Whooper swan Y6K, which is being tracked using satellite technology, seems to have flown into difficulty on its return migration to Iceland. It was last recorded at 10.46 this morning (Friday) heading towards the cloud of ash from the Eyjafjallajökull volcano.
WWT researchers noticed the bird’s position on the online tracking map www.wwt.org.uk/whooper. Y6K is approaching Iceland from the south east, which is one of the main landfall areas for swans arriving in the country, but this is very much in line with the fallout from the volcano. The satellite transmitter attached to the bird is due to give a further reading in two days time, so it will be an anxious weekend for researchers and enthusiasts those following its progress online.
Migration to Iceland
Given that this is the main goose migration period, there is also concern for the welfare of greylag geese, pink-footed geese, light-bellied brent geese, Greenland white-fronted geese and Greenland barnacle geese migrating to or through Iceland at this time.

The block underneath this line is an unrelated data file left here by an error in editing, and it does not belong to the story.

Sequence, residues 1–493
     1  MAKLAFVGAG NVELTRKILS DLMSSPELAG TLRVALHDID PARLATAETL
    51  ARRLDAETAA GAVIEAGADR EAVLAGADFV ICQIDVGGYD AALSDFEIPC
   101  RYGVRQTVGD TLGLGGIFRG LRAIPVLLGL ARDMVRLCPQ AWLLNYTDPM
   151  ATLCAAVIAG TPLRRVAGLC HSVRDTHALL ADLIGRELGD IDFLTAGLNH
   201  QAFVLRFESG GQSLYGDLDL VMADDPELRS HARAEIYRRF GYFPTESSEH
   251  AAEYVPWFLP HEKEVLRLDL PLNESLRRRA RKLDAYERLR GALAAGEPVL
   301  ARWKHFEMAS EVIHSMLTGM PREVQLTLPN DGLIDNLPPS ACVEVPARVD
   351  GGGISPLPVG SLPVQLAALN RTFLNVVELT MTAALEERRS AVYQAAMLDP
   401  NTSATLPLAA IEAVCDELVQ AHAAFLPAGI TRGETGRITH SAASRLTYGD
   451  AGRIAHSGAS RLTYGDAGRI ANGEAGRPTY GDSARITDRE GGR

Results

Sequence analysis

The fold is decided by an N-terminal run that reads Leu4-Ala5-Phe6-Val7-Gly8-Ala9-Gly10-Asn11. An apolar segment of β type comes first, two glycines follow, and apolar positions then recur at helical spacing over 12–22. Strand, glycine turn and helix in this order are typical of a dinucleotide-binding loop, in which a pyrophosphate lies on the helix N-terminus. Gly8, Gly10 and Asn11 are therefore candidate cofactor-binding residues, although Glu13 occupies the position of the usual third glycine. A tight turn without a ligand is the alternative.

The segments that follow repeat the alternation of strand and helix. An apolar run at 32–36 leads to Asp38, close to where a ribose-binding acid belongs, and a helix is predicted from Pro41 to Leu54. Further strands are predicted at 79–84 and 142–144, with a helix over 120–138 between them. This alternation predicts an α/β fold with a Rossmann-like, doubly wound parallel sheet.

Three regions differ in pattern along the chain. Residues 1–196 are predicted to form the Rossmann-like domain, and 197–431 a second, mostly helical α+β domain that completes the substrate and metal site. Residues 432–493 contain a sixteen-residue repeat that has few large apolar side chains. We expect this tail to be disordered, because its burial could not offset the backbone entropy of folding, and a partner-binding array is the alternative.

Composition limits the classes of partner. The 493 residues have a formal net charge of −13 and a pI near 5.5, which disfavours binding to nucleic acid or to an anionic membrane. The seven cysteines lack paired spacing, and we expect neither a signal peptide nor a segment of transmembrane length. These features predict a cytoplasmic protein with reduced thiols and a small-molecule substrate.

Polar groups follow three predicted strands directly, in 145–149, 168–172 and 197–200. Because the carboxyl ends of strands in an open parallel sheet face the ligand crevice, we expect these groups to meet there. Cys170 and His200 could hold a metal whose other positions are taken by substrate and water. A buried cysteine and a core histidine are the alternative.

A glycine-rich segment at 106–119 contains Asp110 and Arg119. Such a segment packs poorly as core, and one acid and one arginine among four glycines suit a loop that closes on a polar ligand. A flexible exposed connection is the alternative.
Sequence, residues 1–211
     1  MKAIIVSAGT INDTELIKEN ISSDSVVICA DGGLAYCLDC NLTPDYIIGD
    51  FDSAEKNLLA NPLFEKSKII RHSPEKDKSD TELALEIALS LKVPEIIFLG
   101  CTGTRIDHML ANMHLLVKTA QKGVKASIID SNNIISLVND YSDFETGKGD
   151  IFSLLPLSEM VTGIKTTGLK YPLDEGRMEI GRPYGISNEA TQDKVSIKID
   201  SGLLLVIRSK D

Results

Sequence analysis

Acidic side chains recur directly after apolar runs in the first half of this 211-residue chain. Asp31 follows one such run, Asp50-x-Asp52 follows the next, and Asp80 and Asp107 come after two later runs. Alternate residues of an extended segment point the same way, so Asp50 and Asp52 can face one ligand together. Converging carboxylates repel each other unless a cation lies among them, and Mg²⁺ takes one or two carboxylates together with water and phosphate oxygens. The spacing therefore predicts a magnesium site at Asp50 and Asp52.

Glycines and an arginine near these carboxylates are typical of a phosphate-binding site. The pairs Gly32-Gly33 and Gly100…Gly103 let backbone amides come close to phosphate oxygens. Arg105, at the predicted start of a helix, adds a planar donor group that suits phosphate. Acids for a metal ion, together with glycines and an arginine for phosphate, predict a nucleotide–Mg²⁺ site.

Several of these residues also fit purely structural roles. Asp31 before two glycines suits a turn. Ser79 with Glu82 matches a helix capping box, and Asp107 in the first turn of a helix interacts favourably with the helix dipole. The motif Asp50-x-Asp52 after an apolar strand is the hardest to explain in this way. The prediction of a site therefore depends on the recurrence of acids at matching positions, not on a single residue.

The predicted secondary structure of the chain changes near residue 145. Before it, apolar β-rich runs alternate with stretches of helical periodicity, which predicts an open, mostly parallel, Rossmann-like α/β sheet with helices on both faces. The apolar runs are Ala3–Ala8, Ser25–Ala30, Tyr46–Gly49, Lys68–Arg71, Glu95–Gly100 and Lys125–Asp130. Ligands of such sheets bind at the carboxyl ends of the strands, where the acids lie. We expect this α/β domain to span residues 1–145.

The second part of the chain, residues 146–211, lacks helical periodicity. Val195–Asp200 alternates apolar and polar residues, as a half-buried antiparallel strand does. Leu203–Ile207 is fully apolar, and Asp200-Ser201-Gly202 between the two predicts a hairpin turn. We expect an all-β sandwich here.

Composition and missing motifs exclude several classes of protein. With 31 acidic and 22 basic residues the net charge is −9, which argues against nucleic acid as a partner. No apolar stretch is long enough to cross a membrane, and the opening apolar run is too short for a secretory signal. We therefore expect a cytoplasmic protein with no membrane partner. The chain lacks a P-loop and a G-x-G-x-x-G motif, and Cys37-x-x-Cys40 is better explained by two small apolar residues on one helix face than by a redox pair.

On Iceland itself, the volcanic eruption is causing concern for the returning waterfowl. A report from WWT’s colleague Dr Olafur Einarsson in Reykjavik confirms that that there is dense ash and total darkness to the southeast of the volcano, near the area dubbed “Whooper Airport” because it is where most of the birds land after their migration.
Dr Einarsson reports that bird deaths have occurred during previous eruptions of other volcanoes in Iceland, when the feeding areas were covered with ash, causing major problems for farmers and birds. Fortunately at the moment the main area affected, between Vik (in the west) and Kirkjubaejarklaustur (in the east), is primarily an area of sand and gravel, leaving internationally important whooper swan staging or breeding sites still suitable for swans.
Y6K is being tracked as part of WWT’s ongoing conservation work with whooper swans. The project aims to determine the migration routes that the swans take, the heights and speeds at which they fly, and the effects of weather conditions on their flight patterns, and is being carried out in collaboration with COWRIE (Collaborative Offshore Wind Research into the Environment) and DECC (Department of Energy and Climate Change).